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Descendents of Georgetown slaves sold to finance university have roots in New Orleans

19th September 2016   ·   0 Comments

By Della Hasselle
Contributing Writer

In 1838, the Jesuit priests of Georgetown University sold 272 men, children and women to plantations in Baton Rouge, to pay off debts for an institution that was then called Georgetown College.

The university has recently announced plans to reconcile its past, in part by giving admissions preference to the descendants of those 272 people sold off to plantations in the south 178 years ago this year.

Some of those descendants, however, say the university’s recent effort should only be the start of the reconciliation process, and are calling for university officials to more closely collaborate with those who can now trace their family members back to that sale of slaves, thanks to DNA testing.

They are also calling for a $1 billion charitable foundation that ensures those descendants are able to attend the school.

Among those calling for action is Karran Harper Royal, an education advocate in New Orleans, who as of this month is now also a lead organizer of a group called the GU272 Foundation.

Named with intent to commemorate the number of enslaved people sold by the Jesuits in 1838, the group has “developed a plan to begin a reconciliation framework that is comprehensive, inclusive, and intended to serve as an example for the nation,” Royal announced on Sept. 7.

“At its core, we really want to address the issue of race, reconciliation of legacy of slavery. And in multiple ways. And not just for our families,” Royal told The Louisiana Weekly. “This country is in a very tense position on the issue of race. We want to be a model for other entities. This is not something that’s easy.”

The discussion over how Georgetown University could atone for its past began in earnest in the fall of 2015, when school officials convened something called the “Working Group on Slavery, Memory and Reconciliation.” The group was convened after protests on campus, according to reports, when students staged a sit-in in the president’s office demanding officials rename the buildings after individuals involved in the notorious slave sale in 1838.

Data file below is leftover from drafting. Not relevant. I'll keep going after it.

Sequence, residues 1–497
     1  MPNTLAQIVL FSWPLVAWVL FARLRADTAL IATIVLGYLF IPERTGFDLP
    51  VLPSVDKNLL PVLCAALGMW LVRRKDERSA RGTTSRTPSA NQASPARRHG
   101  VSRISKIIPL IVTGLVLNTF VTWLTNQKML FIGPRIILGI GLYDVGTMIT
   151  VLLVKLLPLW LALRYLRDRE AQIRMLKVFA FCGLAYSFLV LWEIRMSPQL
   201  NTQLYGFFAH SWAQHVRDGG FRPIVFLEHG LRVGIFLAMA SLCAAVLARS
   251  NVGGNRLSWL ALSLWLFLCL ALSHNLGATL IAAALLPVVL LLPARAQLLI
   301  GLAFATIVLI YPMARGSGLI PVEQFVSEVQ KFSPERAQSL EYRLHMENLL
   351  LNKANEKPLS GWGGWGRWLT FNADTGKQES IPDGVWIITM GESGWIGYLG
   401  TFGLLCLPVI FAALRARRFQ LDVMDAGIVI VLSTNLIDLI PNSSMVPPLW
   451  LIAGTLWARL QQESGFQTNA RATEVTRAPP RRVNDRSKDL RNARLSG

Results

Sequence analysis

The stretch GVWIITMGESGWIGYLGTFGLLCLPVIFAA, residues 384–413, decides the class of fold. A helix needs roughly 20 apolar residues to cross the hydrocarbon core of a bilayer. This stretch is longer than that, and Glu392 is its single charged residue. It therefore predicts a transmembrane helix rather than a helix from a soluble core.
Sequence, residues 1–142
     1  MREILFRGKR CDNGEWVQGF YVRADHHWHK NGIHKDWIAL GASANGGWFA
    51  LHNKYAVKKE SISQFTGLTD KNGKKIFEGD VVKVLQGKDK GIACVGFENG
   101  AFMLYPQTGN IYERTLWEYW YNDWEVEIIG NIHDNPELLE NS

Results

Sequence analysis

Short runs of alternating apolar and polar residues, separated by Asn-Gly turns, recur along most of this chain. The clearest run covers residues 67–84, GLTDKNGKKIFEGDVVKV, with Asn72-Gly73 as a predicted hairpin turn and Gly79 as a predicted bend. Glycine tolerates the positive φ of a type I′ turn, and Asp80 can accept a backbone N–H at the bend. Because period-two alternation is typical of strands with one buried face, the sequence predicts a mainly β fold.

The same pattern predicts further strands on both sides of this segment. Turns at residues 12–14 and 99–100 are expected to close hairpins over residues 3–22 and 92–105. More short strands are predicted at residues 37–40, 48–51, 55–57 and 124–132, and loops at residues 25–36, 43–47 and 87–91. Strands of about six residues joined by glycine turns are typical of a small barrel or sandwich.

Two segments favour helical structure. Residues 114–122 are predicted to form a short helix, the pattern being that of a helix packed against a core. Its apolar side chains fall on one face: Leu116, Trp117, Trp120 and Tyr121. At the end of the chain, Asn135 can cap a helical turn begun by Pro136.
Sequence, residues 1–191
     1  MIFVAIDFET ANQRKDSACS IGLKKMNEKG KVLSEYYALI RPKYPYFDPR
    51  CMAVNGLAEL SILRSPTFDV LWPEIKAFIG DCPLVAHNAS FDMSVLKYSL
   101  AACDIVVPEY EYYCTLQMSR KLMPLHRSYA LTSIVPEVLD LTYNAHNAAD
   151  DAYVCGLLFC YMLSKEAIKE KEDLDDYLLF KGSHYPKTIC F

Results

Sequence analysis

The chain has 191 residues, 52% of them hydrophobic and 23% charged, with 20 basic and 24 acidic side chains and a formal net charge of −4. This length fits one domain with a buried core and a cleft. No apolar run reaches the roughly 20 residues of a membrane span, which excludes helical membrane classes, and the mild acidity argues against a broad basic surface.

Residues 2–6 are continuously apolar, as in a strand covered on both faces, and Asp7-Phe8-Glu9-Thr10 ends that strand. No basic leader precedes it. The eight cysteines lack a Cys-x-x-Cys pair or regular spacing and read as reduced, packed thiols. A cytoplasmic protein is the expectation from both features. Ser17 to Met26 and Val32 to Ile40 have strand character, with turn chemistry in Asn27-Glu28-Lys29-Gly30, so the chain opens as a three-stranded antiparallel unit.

Officials listened, and in addition to making recommendations to the university’s president about how to best acknowledge Georgetown’s historical relationship with slavery, the 15-member working group also aimed to convene opportunities for dialogue about slavery’s past, and how it could be reconciled in the future.

Among the first actions taken by the group was to remove from two buildings the names of the Jesuits who acted as architects behind that sale, Mulledy and McSherry, and replace them with the names Freedom and Remembrance.

After the working group submitted its final report in early September, the university also announced the creation of an institute for the study of slavery, called the Institute for the Study of Slavery and Its Legacies at Georgetown.

Additionally, the university’s president announced plans to erect a public memorial to the slaves whose work helped build Georgetown, and offer a formal apology to descendants of that slave sale.

“We need to address in our time the consequences of the original evil of slavery, which were never ameliorated in any previous time: they were not addressed by Eman-cipation, by Reconstruction; the legacy was furthered by Jim Crow and by systematic actions throughout the country to stymie African Americans from their rights as citizens and members of our society,” the university’s president, John J. DeGioia, said in a set of remarks to the Georgetown community on Sept. 1. “While important achievements can be recognized—the Civil Rights Act, the Voting Rights Act, we still live with the implications of the original failure to address the evil that framed the founding of our nation.”

But Royal and others said those efforts could be more meaningful if they included participation from the organization she helped create, whose members are the descendants Georgetown mentions.

It’s a slave-trading past that she said continues to haunt descendants and their families to this day, including hers.

While researching history documented by the Maryland Province Society of Jesus, the Jesuits who sold her and her husband’s ancestors, Royal was thrilled to learn about how extended her family is.